“The death tolls in the United states and other countries have been contained, but I don’t know about China, but in a couple months I think it will be okay,” Siqueira said. 

Siqueira is confident in those at work on the virus and that the technology and health science is good enough to get past this event, unlike diseases like influenza of the early 20th century that easily got out of hand. 

“It’s already global, but we’re containing it, and today we’re smart enough to know that it can be a big deal if we don’t do anything about it,” Siqueira said.

What is the virus?

The actual name of the Coronavirus is COVID-19, which is the new type, but the type that is greatly affecting China and killing thousands is a severe acute respiratory syndrome coronavirus 2 (SARS-CoV-2). The Coronavirus was first identified in the 1960s, and the SARS-1 caused an outbreak in 2002 and 2003, but it has now come back worse. The actual family of Coronaviruses are traced back to animals including camels, cats and bats. This is why it began in a livestock market. Symptoms include; fever, cough and shortness of breath, and the virus takes 14 days to infect someone (hence the quarantine length). Eighty percent of those that were killed were over 60 years old, meaning it latches on to weaker immune systems more easily. 

“I feel like countries need to get together and come up with policies to be more safe in what they’re doing. In China there aren’t as many regulations as there are in the United States, like the FDA, so I feel like there’s a higher risk of contamination,” Siqueira said.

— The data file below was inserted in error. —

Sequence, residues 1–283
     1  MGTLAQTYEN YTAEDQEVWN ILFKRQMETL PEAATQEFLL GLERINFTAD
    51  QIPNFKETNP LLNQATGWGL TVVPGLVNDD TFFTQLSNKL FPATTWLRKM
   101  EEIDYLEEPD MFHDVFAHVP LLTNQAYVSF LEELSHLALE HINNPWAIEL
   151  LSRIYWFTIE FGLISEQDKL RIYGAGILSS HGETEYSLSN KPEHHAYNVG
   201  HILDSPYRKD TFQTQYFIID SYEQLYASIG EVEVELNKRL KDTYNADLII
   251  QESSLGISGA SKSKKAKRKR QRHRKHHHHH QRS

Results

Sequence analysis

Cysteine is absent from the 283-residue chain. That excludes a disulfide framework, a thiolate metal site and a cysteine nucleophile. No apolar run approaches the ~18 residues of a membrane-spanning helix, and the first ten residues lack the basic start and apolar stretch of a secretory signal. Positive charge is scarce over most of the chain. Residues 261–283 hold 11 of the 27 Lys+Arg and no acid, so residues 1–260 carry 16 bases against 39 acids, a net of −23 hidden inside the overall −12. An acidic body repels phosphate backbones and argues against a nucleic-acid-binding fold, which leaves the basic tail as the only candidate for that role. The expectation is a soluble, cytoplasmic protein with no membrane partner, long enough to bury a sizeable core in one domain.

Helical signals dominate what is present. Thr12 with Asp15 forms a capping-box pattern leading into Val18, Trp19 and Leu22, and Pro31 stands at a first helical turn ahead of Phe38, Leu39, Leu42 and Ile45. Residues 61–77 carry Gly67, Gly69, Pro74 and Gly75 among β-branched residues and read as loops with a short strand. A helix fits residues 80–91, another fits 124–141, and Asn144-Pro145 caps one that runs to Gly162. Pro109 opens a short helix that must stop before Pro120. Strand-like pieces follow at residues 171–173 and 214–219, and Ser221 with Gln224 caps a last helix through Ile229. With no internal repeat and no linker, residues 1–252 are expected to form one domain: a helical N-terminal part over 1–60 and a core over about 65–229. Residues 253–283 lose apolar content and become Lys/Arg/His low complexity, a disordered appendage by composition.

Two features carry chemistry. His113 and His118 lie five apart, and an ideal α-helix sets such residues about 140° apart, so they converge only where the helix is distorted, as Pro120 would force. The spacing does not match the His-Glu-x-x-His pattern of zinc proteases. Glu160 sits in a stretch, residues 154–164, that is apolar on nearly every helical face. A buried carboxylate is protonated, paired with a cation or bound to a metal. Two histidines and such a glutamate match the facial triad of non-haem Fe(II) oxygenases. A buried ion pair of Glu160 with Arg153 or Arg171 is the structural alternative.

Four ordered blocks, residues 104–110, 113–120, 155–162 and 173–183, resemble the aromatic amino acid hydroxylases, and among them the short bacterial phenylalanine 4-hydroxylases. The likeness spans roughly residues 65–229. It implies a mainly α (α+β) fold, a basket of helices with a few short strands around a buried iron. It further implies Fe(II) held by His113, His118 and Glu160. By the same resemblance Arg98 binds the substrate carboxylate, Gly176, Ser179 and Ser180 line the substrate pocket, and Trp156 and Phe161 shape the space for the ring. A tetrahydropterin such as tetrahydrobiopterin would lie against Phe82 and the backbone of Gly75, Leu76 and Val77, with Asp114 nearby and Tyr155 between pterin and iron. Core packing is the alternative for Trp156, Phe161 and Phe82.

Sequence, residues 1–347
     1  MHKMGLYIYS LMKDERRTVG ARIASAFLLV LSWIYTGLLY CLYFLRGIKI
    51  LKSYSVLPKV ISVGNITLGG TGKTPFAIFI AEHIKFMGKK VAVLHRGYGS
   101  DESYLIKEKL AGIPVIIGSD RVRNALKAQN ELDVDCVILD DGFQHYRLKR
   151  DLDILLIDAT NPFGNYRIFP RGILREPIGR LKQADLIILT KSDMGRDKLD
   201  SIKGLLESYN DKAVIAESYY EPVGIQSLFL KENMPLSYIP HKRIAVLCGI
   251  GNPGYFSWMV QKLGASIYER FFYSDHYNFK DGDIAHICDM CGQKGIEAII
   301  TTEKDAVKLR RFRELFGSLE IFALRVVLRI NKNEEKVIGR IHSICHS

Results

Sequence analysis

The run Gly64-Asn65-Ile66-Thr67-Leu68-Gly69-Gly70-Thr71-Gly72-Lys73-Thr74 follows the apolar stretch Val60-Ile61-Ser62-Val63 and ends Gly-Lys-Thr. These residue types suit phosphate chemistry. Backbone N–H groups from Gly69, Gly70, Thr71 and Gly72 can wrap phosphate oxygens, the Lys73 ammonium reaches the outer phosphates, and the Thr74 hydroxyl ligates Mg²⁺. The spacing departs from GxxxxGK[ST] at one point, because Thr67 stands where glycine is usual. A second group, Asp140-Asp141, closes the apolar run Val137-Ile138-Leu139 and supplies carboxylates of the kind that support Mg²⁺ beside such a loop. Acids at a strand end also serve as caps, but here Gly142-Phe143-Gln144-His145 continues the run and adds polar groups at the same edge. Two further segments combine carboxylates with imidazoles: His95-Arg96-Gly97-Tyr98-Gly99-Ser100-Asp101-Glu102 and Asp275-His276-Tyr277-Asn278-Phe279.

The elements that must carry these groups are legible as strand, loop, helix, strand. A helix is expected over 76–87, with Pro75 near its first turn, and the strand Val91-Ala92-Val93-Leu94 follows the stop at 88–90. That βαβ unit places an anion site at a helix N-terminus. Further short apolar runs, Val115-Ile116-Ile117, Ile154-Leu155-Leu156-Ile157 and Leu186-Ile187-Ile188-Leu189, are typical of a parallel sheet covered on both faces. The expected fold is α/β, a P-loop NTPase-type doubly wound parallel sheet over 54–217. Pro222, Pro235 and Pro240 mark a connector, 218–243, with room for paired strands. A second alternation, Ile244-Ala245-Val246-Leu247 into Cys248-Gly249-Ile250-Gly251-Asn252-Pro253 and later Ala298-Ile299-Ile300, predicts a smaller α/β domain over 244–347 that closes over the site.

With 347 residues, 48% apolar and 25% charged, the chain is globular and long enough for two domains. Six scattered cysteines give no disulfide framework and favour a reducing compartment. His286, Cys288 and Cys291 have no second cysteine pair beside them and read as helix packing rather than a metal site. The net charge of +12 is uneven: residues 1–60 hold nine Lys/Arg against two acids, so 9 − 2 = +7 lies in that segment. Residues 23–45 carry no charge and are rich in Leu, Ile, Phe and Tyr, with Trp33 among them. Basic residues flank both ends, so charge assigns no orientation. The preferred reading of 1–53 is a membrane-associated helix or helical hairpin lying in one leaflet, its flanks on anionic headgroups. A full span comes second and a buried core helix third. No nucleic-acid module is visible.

Effects on Global Economy:

Although the virus is greatly impacting the people, it is also affecting the economy. One of the largest employers in Hong Kong, HSBC, cut 35,000 jobs as the virus affects the economy and the country’s politics. 

“China plays an important role in the economy, so they don’t want that to go underwater,” Siqueira said. “American buyers are buying stocks right now to make a profit once the Coronavirus decreases.”

With the massive quarantines and travel bans it might be easy to ignore the virus’ effect on other countries’ economies. The virus has forced hundreds in China to resign from their jobs or take a leave with no pay. Many choose the first looking for different jobs that will let them work and be able to sustain themselves. 

If the virus is not able to be contained many companies will be forced to lay off millions of Chinese employees, like HSBC,  to have any chance to survive. Trade is in danger with hundreds of Chinese factories being shut down. The flow of Chinese goods and parts is being slowed, forcing Nissan and Hyundai car factories to temporarily shut down because they couldn’t acquire parts. Apple is facing a production delay in Chinese factories and airline revenue is expected to fall by four to five billion dollars in the first few months of 2020.

“Its lower in productivity in China, which is true, but it’s going to stabilize the economy (once the virus goes away)” Siqueira said.

The lowering of the market due to China’s large impact on trade and foreign economies will lead to more investors and buyers which will help stabilize the economy after the virus is treated. 

Conclusion:

Overall, the virus is continuing to grow, but the efforts to contain and treat it are growing as well. Hospital, or containment centers, are being built at rapid speeds in order to handle the influx of patients. 

“They have taken measures, but I feel like just spreading more awareness would be (ideal),” Wei said.